Digital Transformation is the process of organisational, economic, social and creative change enabled by the adoption and development of digital technologies. There is no company, public administration or individual citizen that has not been touched by it. By Digital Transformation, therefore, we can mean the knowledge and adoption of new technologies, such as Cloud Computing, Big Data, Internet of Things, Blockchain, Artificial Intelligence, 5G. Within this perimeter, what will the main trends be, expected by 2023? We did some scouting to establish a list of thematic focuses on which major developments are expected in the coming year. The current scenario sees an ever-deeper integration between our lives and technology: on one hand we have more and more advanced functionalities, on the other hand we share a greater awareness of the implications technology has on our society. The large-scale trends that are emerging will have implications in all areas of technology.

Based on these considerations, we present some food for thought.

From analysis to action: increasingly informed and data-driven decisions

The increasing use of artificial intelligence and machine learning offers the possibility of ever more advanced analysis. The evolution foreseen for 2023 concerns analytics for specific use cases. Data and metadata will therefore increasingly take centre stage. Consequently, it will become essential to implement and promote the effective use of analytics software, capable of using data collected from sensors and security and monitoring devices, to assess what is happening and make decisions in a very short timeframe.

IoT, 75 billion connected devices within three years

According to Statista, there will be around 75 billion connected IoT devices in the world by 2025. The Internet of Things Observatory of the Politecnico di Milano (April 2022) estimates that there will be 110 million active connected objects in Italy, just over 1.8 per inhabitant. Companies, institutions and organisations are equipping themselves with tools capable of collecting information and processing metadata. A network of physical objects equipped with sensors, software and other integrated technologies enables them to connect and exchange data with other devices and systems via the Internet. A trend that will continue unabated in 2023.​

The current scenario sees an ever-deeper integration between our lives and technology. Data-driven strategies, IoT, cybersecurity, cloud and increasingly detailed data management and protection rules will be some of the leading trends in 2023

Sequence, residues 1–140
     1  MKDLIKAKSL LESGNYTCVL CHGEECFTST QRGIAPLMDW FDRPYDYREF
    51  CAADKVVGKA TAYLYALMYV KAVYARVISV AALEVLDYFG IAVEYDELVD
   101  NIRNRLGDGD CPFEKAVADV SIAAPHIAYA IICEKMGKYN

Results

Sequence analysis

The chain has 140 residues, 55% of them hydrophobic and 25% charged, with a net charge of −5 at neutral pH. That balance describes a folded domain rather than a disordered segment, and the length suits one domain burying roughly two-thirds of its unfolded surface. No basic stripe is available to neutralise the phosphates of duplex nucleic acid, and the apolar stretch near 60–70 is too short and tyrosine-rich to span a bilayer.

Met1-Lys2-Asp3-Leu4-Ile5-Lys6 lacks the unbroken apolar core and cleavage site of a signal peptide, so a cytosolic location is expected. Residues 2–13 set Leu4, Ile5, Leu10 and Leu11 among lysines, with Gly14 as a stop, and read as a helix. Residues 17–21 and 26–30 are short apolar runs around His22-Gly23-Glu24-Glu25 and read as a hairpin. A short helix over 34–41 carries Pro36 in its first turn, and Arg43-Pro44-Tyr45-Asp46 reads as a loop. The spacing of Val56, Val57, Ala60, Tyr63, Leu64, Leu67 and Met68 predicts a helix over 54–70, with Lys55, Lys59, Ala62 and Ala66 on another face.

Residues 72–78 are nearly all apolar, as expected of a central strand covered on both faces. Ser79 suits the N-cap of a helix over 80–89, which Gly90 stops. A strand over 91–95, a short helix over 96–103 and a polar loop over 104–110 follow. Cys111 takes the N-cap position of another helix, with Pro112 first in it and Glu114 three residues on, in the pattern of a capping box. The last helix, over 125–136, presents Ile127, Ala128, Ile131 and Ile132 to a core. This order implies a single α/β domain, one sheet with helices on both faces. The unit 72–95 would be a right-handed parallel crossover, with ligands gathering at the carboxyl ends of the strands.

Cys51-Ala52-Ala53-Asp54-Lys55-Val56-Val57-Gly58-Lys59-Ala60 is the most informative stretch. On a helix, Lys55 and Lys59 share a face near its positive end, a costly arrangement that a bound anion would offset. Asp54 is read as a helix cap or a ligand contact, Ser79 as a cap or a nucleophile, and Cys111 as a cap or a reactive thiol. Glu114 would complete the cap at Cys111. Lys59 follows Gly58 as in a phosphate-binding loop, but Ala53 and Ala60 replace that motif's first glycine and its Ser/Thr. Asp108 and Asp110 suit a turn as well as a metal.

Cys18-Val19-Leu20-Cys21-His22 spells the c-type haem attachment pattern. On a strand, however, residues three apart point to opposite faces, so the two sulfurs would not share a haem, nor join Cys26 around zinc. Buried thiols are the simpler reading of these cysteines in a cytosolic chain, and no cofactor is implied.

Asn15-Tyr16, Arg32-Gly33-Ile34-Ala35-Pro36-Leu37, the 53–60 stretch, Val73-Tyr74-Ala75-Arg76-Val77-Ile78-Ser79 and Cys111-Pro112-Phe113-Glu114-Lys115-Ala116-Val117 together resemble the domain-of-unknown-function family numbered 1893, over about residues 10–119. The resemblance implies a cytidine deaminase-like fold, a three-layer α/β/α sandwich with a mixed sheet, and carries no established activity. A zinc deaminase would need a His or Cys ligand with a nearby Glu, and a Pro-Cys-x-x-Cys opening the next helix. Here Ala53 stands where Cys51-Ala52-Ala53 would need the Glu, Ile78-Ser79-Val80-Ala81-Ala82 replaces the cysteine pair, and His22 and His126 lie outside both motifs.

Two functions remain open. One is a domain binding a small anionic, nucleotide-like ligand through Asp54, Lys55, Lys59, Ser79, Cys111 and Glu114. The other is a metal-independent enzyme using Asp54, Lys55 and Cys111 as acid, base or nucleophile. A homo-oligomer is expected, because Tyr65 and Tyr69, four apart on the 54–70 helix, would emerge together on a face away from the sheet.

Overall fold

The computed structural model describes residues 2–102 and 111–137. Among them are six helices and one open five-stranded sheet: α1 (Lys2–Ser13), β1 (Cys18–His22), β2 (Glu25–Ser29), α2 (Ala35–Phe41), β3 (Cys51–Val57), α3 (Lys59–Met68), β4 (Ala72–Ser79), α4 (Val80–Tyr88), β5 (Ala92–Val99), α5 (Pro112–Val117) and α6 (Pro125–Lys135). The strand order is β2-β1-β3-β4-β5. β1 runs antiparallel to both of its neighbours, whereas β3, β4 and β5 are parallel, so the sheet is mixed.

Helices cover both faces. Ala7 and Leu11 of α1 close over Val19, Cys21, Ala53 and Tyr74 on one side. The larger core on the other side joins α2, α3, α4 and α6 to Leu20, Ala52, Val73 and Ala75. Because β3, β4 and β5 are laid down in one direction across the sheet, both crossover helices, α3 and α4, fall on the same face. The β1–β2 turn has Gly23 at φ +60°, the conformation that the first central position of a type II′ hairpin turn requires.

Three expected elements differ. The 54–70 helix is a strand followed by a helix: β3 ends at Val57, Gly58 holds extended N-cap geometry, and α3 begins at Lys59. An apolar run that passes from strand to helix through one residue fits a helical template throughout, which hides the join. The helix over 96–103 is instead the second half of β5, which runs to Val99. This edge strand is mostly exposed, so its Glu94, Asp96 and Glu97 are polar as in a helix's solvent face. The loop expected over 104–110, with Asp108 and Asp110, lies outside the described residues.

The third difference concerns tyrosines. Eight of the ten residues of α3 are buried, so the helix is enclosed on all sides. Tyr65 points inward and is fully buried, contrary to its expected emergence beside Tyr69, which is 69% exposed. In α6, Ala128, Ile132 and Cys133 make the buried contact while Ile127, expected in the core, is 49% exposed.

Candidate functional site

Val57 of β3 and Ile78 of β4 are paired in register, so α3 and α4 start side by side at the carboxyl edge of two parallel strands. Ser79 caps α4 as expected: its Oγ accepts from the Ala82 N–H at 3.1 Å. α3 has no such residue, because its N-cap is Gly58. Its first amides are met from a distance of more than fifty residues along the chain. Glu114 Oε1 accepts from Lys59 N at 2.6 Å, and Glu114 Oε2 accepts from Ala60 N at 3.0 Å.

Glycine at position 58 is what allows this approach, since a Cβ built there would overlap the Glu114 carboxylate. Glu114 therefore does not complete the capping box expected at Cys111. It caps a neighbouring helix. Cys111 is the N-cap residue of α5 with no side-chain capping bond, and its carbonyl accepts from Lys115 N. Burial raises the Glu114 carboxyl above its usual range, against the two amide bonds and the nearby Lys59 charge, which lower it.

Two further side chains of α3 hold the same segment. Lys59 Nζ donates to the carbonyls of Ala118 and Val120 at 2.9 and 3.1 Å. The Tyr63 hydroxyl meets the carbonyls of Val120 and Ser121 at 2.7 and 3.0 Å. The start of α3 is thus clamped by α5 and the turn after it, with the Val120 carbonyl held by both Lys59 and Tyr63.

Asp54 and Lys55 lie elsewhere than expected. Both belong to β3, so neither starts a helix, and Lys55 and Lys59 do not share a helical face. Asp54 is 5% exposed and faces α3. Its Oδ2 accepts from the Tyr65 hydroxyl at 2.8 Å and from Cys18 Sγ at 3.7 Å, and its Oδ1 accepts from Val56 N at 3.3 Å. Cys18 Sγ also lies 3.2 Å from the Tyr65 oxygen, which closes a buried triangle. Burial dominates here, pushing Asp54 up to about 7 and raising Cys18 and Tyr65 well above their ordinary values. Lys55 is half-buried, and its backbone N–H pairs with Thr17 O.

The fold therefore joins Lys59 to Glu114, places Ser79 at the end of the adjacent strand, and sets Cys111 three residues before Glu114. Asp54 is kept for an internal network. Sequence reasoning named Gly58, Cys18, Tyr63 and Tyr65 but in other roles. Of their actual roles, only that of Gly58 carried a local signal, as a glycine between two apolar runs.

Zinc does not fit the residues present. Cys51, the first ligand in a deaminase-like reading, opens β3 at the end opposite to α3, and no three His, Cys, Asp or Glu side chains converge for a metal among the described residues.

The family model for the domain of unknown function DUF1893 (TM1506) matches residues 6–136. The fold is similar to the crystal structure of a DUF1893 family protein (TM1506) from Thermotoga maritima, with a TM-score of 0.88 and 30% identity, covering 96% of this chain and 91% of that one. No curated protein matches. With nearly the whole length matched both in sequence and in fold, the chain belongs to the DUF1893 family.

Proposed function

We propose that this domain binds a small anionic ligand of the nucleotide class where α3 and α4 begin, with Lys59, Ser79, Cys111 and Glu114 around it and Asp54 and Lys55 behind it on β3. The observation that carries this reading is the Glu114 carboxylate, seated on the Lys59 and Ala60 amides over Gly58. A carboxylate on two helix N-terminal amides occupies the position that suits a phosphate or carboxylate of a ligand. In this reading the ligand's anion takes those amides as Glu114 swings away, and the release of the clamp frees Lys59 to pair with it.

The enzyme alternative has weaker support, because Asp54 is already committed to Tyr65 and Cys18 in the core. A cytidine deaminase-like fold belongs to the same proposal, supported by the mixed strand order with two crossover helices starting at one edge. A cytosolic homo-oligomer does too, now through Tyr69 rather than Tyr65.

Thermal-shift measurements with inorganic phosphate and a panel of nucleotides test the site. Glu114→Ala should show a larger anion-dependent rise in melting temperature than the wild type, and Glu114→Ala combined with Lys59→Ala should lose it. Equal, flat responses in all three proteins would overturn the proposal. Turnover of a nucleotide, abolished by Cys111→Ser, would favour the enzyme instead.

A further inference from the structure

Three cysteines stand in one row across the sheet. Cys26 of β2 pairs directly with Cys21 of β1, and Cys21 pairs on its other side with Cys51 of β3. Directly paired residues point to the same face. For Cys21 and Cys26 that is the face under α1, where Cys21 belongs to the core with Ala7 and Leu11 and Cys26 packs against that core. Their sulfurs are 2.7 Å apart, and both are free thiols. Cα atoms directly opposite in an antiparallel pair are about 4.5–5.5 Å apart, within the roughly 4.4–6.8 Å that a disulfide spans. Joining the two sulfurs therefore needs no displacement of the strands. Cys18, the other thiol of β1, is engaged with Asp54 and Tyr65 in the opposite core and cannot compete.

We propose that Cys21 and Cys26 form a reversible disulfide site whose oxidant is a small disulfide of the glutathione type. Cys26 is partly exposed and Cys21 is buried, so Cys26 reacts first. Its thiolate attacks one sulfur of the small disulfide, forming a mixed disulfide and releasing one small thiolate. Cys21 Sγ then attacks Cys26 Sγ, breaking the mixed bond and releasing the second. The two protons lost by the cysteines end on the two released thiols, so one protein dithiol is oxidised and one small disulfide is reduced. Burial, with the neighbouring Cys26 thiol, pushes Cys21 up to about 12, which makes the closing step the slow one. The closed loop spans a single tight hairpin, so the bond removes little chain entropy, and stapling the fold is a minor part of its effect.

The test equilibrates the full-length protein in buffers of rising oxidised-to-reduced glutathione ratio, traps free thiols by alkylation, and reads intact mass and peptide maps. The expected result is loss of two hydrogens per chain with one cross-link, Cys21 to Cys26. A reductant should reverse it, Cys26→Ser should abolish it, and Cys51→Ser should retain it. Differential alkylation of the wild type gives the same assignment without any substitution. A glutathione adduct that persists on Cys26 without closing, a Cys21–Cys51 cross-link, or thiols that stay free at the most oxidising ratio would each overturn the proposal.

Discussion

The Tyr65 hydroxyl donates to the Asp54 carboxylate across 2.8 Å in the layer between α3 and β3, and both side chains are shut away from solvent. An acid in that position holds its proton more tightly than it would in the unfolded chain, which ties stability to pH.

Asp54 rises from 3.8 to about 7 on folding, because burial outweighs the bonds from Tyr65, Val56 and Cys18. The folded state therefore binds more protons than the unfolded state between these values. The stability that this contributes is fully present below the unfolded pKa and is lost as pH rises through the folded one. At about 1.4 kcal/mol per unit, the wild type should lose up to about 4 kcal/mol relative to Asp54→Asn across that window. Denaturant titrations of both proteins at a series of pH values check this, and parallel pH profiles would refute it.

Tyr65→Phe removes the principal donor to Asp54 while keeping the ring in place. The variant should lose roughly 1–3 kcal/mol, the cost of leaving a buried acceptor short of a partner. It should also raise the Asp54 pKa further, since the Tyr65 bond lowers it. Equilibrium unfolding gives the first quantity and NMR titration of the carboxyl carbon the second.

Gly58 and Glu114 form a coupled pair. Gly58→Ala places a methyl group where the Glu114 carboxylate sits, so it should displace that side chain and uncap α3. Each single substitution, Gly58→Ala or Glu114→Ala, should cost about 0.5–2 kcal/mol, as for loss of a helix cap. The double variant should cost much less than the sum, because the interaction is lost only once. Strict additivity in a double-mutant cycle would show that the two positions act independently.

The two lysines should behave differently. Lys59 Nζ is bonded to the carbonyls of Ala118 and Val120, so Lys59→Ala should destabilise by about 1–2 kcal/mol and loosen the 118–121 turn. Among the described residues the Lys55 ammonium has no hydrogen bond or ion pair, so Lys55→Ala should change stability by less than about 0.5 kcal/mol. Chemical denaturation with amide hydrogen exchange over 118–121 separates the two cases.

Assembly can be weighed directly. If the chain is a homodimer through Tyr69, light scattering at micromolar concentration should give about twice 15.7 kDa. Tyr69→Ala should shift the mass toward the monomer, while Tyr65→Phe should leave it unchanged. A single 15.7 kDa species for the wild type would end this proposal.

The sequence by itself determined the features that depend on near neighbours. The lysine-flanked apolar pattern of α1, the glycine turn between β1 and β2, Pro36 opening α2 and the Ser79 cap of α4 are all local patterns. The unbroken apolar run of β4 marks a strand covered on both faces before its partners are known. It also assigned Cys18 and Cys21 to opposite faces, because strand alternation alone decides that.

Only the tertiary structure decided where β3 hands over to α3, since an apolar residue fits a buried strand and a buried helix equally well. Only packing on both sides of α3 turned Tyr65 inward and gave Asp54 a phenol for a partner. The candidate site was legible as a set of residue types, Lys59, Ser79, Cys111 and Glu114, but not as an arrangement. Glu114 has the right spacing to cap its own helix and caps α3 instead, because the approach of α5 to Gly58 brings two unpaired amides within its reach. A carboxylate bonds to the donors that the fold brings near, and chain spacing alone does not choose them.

Cybersecurity

A recent survey entitled '2022 Technology Spending Intentions Survey' by US research firm Enterprise Strategy Group (ESG) argues that investments in cybersecurity are set to increase to cope with the continued rise in cyber-attacks. Moreover, according to the consulting firm Manage Business, global spending on cyber security will reach $1.5-2 trillion by 2025. A trend also highlighted by Red Hat's Global Tech Outlook, summarised in our article last month on the status of organisations around the world in their digital transformation initiatives. In today's world, where every technological device we use is part of a broader network where different elements are interconnected and interdependent, cybersecurity can no longer be seen as an add-on feature.  

The hybrid cloud

In 2023, companies will start planning for a true hybrid cloud, in which applications run by combining a public and a private cloud. This solution offers a flexible mix of cloud computing services, extending infrastructure and operations in a consistent manner to provide a single operating model that manages application workloads in both environments. However, the skills shortage will continue to be a challenge. Employees with the necessary skills to build serverless and cloud-native infrastructures are in fact very few, and the issue of training and reskilling, in general, is very problematic.

Increased focus on regulations

The technology sector as a whole is being watched more and more closely by legislators in various countries. In the coming months, the focus will shift to the regulation of different use cases with particular reference to data protection, to ensure compliance with local, regional and international laws. Among the bodies most active in regulation is the European Commission. Already in the AI act, part of the Artificial Intelligence strategy, the Commission aims to assign specific risk categories to different AI use cases, defining the first legal framework dedicated to this technology.

More and more hyper-automation

More complex workflows will lead to the creation of composable IT architectures based on data analysis and will increasingly exploit low-code/no-code technologies capable of triggering the development of Artificial Intelligence and Machine Learning. A process called hyper-automation, geared towards business improvement that organisations will use to quickly identify, control and automate as many business and IT processes as possible.

 

 

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